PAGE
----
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Be prepared! A good motto for Scouts – and job boards

The great recession of 2008 was of course not that great for most of us. Companies went down the tubes, people lost their jobs, and entire sectors of the economy shrank – some never to expand again. Today things are, well, unsettled. And we’re overdue for a new recession. The average length of a typical economic expansion cycle is 69.5 months. Guess what: we’re way past that now. We’ve got COVID 19. We’ve got economic headwinds and trade wars. We have Brexit. And so on and so on. So yeah – a recession could happen.

I was – and still am – an Eagle Scout. If you were a Boy Scout, becoming an Eagle was a big deal, and at the time, it meant a lot to me. One thing I carried forward from the experience was the Scouting motto: be prepared. Back then, that meant don’t wander into the forest without a compass and pocketknife. Think ahead. Consider what might happen.

Well, guess what? That’s pretty good advice for job boards, too! If you’re in the recruitment marketing biz – job boards, recruiting sites, talent acquisition, sourcing and screening, and so on – it’s time to pull out your recession shoes and give them a good buffing. Sometime in the coming months you’ll need them. In other words – be prepared!

What typically happens to employers and their recruitment marketing budgets during a recession? In general, demand for candidates goes down – and the recruiting budget follows. However, this is not true across the board. Even in a general recession, there are pockets of candidate demand. The need for sales, tech, and healthcare talent won’t dip that much, for example. Also, remember that some industries do well in an economic downturn – think auto repair and maintenance driving up the need for mechanics (in an already tight labor market). Retailers that focus on ‘low low prices’ – like WalMart – will also need clerks, back-office help, and managers. COVID 19 is ensuring that any company making or selling personal protective equipment will do well, too.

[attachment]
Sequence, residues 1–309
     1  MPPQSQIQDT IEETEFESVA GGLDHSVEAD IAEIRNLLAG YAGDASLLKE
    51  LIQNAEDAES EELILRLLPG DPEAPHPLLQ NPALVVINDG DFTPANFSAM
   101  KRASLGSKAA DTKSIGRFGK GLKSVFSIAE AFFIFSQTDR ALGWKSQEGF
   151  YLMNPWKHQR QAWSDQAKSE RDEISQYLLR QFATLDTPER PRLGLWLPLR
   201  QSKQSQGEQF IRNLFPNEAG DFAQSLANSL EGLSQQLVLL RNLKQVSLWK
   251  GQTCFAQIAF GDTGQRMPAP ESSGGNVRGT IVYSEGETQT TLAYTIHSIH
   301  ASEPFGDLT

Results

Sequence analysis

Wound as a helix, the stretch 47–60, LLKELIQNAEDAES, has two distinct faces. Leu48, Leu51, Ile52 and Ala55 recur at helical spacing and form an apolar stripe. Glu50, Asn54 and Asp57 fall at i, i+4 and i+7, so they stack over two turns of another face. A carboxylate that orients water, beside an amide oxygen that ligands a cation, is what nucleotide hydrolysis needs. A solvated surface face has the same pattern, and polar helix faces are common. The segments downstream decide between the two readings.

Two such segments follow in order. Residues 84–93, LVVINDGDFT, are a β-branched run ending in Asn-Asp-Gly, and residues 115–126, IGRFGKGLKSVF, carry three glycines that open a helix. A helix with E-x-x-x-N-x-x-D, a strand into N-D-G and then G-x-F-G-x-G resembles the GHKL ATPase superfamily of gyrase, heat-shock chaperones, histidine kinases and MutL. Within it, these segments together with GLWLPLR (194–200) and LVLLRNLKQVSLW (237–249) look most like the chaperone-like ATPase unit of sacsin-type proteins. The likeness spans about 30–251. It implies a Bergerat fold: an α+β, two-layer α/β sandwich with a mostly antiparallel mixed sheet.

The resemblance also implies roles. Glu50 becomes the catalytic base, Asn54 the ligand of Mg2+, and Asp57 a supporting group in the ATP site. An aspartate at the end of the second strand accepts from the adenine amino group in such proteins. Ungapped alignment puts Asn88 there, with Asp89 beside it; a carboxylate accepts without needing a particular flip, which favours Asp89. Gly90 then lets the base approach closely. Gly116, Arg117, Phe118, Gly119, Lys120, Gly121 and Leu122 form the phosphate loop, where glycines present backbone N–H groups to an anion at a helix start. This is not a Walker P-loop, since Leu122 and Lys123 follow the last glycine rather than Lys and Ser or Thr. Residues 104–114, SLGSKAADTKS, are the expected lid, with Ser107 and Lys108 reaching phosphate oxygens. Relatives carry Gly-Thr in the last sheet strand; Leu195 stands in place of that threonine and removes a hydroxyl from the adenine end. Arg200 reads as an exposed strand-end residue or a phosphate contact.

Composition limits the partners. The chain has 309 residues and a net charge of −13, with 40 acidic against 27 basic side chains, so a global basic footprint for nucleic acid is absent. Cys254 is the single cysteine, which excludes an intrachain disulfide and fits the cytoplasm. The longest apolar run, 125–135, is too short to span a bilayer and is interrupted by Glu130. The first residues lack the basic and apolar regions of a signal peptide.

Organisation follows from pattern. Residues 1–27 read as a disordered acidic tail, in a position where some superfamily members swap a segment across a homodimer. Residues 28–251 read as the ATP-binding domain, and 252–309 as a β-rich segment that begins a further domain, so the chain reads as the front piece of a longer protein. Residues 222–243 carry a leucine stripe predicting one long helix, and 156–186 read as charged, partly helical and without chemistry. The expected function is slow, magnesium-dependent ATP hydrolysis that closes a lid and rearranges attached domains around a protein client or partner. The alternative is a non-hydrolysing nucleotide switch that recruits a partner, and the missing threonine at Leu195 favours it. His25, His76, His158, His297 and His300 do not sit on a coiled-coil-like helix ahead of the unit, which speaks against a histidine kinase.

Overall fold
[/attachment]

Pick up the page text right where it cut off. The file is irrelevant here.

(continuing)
So the first step to being ready for a recession as a recruitment marketing firm is to identify your specific susceptibility to a recession. Are you catering to a hot sector that may collapse (like construction)? Or are you firmly ensconced in a relatively ‘safe’ sector? If your service cuts across sectors (for instance, an aggregator or general job board), how are you positioned competitively? Will growth in unaffected parts of the labor market make up for losses in other areas? It’s much better to know your vulnerabilities now, rather than ‘discovering’ them during the downturn.

After you’ve made your susceptibility assessment, check your sales and marketing. A common – and mistaken – response to economic downturn is to pull back from your sales efforts. This guarantees one result: fewer sales. Instead, do the opposite: invest in sales and marketing. Why? First, reaching out to your prospect list and existing customers on a frequent basis is the best way to identify who is hiring, and what they’re hiring for. This in turn can allow you to tune your own service to provide better results. Second, it’s almost always cheaper to acquire market share during a recession – because your competitors are busy cutting back. Thus, make sure that your sales and marketing efforts are already optimized before the market goes south. It’s easier to stay ahead than catch up.

Finally, give your business a top-to-bottom audit. Identify and eliminate processes that aren’t producing results. Make sure that you truly understand what you do that your clients actually value (hint: it’s not always what you think it is) and focus on it. Don’t be afraid to cut out those parts of your business that aren’t contributing – but remember to focus on things that contribute to growth.

It’s important to remember that the vast majority of businesses continue to promote and hire during a recession – it’s just the pace that’s different. So make sure that your recruitment marketing services can produce optimal (and reliable) results.

Yes, the current economic situation is scary. Yes, a recession is coming. But be prepared and think about it as an opportunity – and not just a threat.

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